Raman Fiber Multiplexer
The Fiber Optic System for Raman Spectroscopy (U.S. patent No. 6,859,581B1) can be used to expand the use of our Raman Spectrometer. Through switching the excitation and collection fibers. Our raman spectrometer can monitor up to 18 probes. This can be done with minimal signal loss, and very high repeatability. The Fiber Optic Multiplexer had become popular with feedforward applications for refineries, where our PI-200 and multiplexer control their blending header while looking ant the incoming component streams. The Fiber Optic Multiplex system can come in a variety of options. We offer a 5, 9 or 18 Max channel configurations.
Continuous in situ monitoring of all the critical amine parameters: amine concentration, H2S, and CO2 levels can provide almost instantaneous feedback on important changes in the amine process which can lead to real time process control, improved finished product quality, reduced overall cost, and minimized waste.
A schematic representation of a typical amine process with the locations of the Raman probes used to monitor the rich and lean amines shown in red is displayed to the right. The Raman instrument is designed to be located in a centralized control room and is connected to the different fiber optic cables associated with each Raman sample probe. Raman has an advantage over infrared in that there is no interference from water so the probe can be directly inserted into a process stream. Infrared requires a sample conditioner. A single Raman system can be multiplexed up to 18 channels/streams.
Acid Gases in Amines
The Raman spectrum of a typical rich amine s ample containing CO2 and H2S is displayed to the right. The Raman peak located at 2570 cm-1 is from the H2S and the 1387 cm-1 peak is from CO2. The fact that intensity from each acid gas peak is linearly proportional to the gas’s concentration allows chemometric techniques such as Partial Least Squares (PLS) to model all of the spectral variations and correlate them to concentrations. Current, standard laboratory practice requires laborious titration of grab samples to determine amine, H2S and CO2 levels in both the rich and lean amine streams. Many laboratory measurements have to be performed to properly control and monitor the amine streams. Consequently the amine streams are often not efficiently used, at great expense to the refinery, natural gas provider, and power plant. Real time monitoring would also eliminate the formation of unknown excessive acid gas concentrations that form acid solutions in the aqueous stream and damage critical plant infrastructure.
Raman spectra from a pure DGA amine sample with no CO2 adsorbed (black circles) and on-line grab samples containing different CO2 concentrations (colored lines). The CO2 1387 cm-1 Raman band has a signal intensity that is c.a. 4.5 times less then the H2S band. The nine DGA amine samples we analyzed did not have laboratory CO2 concentrations. The figure to the right illustrates how the CO2 peak is not observed in the pure DGA sample and that the peak intensity varies within the nine DGA samples. The varying intensity indicates that Raman analysis can easily distinguish different CO2 concentrations.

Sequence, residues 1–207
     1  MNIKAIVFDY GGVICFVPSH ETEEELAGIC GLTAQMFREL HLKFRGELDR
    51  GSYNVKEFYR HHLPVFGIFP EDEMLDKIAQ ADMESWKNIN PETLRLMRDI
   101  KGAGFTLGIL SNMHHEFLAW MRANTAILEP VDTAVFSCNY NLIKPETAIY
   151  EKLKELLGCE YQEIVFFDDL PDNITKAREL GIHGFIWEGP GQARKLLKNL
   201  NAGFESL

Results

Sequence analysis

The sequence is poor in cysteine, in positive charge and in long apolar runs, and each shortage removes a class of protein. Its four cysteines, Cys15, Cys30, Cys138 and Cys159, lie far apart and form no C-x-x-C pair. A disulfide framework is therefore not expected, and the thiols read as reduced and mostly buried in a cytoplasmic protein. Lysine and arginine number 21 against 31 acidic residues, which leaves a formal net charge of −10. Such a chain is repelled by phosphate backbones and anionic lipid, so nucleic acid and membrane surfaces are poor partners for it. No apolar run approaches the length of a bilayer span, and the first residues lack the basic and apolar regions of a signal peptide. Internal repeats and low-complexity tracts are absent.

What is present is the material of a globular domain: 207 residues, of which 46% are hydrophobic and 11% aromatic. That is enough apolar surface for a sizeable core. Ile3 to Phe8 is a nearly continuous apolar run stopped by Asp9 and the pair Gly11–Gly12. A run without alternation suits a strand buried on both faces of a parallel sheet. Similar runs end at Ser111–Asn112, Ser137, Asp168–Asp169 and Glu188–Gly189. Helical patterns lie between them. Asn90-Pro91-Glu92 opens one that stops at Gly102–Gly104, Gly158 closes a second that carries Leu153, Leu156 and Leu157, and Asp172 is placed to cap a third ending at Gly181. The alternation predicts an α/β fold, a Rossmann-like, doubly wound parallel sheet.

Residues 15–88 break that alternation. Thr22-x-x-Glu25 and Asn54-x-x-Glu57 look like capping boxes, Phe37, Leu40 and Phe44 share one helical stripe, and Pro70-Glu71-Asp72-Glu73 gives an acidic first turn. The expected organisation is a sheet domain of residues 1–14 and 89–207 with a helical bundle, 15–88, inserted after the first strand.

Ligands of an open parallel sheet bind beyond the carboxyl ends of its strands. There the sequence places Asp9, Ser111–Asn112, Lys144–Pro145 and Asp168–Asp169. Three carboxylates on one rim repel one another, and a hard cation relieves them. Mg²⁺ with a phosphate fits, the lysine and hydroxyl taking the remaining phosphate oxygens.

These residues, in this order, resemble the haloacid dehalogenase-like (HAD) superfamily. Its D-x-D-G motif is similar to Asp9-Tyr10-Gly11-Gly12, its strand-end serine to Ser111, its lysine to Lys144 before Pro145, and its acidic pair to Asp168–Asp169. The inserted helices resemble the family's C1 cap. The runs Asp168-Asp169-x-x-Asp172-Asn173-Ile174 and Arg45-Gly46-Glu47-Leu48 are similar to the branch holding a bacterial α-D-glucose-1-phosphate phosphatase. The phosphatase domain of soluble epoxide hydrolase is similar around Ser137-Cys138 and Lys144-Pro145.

Raman spectra from mixtures of different amine streams (MEA, MDEA, DEA) and CO2 all at different concentrations are displayed to the right. Each subplot shows a varying concentration of a single component while the other component's concentrations remain constant. Distinct spectral features for each of the different components can be observed, and indicate that Raman spectroscopy can be used for on-line monitoring of streams containing multiple amine species.
Typical online results for the combined amines (MEA, MDEA, DEA) streams with various CO2 loading. The plot shows Raman predicted concentrations vs. the measured laboratory concentrations. Even though these models were generated with a limited number of samples (50 total), their standard errors of predictions (SEP) are comparable to most conventional laboratory techniques.
Raman spectrum of a rich Diglycolamine (DGA) sample that contained 35.1 % DGA, and 21,290 ppm H2S is displayed to the right. The Raman peak located at 2570 cm-1 is from the H2S and the 1387 cm-1 peak is from CO2.
Typical online partial least squares (PLS) analysis of the DGA concentrations. The plot shows Raman predicted values vs. the measured laboratory values. The standard error of prediction for the PLS model with outliers removed was 0.56 %.
Typical online partial least squares (PLS) analysis of the H2S (mole/mole) concentrations. The plot shows Raman predicted values vs. the measured laboratory values. The standard error of prediction for the PLS model with outliers removed was 0.0057.
Typical online partial least squares (PLS) analysis of the H2S (ppm) concentrations. The plot shows Raman predicted values vs. the measured laboratory values. The standard error of prediction for the PLS model with outliers removed was 745 ppm.